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Monday, 12 June, 2000, 15:59 GMT 16:59 UK
Russia appoints Chechen leader
Checeh president Aslan Maskhadov
Maskhadov says new leader is a traitor
Russia has appointed a Muslim cleric Mufti Akhmed Kadyrov as head of its provincial administration in Chechnya.

Moscow has hailed Mr Kadyrov as having "the greatest authority in Chechnya", while rebel forces have branded him a traitor.

Mufti Akhmed Kadyrov
Mufti Akhmed Kadyrov is Russia's controversial choice

The Muslim leader fought against Russia during the first Chechen war in 1994-96, but has been in direct contact with Moscow during the current campaign.

He played a role in last year's talks to allow Russian troops to enter Chechen towns without a fight.

Mr Kadyrov is the first Moscow-appointed Chechen to lead the region in four years.


The chairman of Russia's upper house of parliament, Yegor Stroyev, made the announcement after discussions with President Vladimir Putin.

Mr Stroyev has said Mr Kadyrov is the most influential person in Chechnya.

But many Chechens distrust Mr Kadyrov, regarding him as a Kremlin puppet.

Chechnya's pro-independence elected leader Aslan Maskhadov has branded him as a traitor and called for the death penalty against him.

The relations between the cleric and the rebels in Chechnya have been strained for months.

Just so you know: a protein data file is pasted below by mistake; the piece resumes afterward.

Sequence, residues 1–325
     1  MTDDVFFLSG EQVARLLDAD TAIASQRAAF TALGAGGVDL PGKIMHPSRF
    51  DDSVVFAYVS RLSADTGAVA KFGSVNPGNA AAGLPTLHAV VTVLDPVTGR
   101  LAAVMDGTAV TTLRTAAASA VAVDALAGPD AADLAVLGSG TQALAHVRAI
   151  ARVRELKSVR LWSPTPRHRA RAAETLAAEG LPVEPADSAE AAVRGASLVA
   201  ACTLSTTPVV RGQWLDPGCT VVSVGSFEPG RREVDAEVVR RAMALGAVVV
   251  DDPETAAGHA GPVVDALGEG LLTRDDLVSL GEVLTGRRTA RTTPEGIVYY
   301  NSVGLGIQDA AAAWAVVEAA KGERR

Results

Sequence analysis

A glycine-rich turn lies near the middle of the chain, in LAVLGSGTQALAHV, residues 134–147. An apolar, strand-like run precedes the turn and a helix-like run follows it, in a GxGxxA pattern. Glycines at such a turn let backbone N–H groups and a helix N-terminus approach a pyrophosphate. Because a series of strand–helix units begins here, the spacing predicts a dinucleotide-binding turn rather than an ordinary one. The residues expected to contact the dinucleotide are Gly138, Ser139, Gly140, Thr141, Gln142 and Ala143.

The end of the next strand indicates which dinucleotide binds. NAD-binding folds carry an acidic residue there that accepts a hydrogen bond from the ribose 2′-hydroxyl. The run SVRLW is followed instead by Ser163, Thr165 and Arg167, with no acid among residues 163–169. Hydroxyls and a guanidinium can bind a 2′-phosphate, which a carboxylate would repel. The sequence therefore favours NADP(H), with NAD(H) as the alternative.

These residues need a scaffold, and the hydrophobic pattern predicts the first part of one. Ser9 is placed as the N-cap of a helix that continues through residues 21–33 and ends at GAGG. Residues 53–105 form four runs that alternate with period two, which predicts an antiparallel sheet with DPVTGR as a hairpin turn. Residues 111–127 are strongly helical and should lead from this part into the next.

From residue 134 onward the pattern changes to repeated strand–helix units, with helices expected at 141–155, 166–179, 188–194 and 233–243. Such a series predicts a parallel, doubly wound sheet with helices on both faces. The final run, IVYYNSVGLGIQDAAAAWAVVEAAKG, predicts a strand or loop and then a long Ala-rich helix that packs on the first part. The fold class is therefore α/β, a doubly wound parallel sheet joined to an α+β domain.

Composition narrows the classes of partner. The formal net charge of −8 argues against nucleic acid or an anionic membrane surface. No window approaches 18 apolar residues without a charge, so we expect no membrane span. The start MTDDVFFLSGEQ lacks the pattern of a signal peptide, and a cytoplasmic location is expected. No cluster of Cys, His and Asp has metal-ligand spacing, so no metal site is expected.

Mr Maskhadov dismissed Mr Kadyrov as the republic's top mufti last year after the cleric met Mr Putin, who was then Russia's prime minister.

Mr Maskhadov called him the "enemy of the Chechen people".

But the Kremlin continues to regard Mr Kadyrov as Chechnya's Muslim leader.


Mr Kadyrov alleged last month that Mr Maskhadov was behind a planned attack on his life.

Tank in Grozny
Despite heavy military presence, Russia may find it hard to set up a loyal government

The mufti reportedly has been the target of three assassination attempts in the last two years.

The Russian military in Chechnya claimed last year that the Chechen guerrillas promised to pay $100,000 for Mr Kadyrov's head.

Mr Putin has introduced rule by decree in Chechnya, suspending its status as one of the 89 republics of the Russian federation by denying it the right to elect its own government.

The move is still to be approved by parliament, but it underlines the Kremlin's determination not to grant Chechnya independence.

Moscow has been searching hard for a loyalist Chechen to lead the region where anti-Russian sentiments are strong.

Russia has refused to negotiate with Mr Maskhadov since it sent its troops into Chechnya last October, but indicated its willingness to negotiate with Mr Kadyrov.

Previous Kremlin efforts to set up a pro-Moscow government in Chechnya have had little success.

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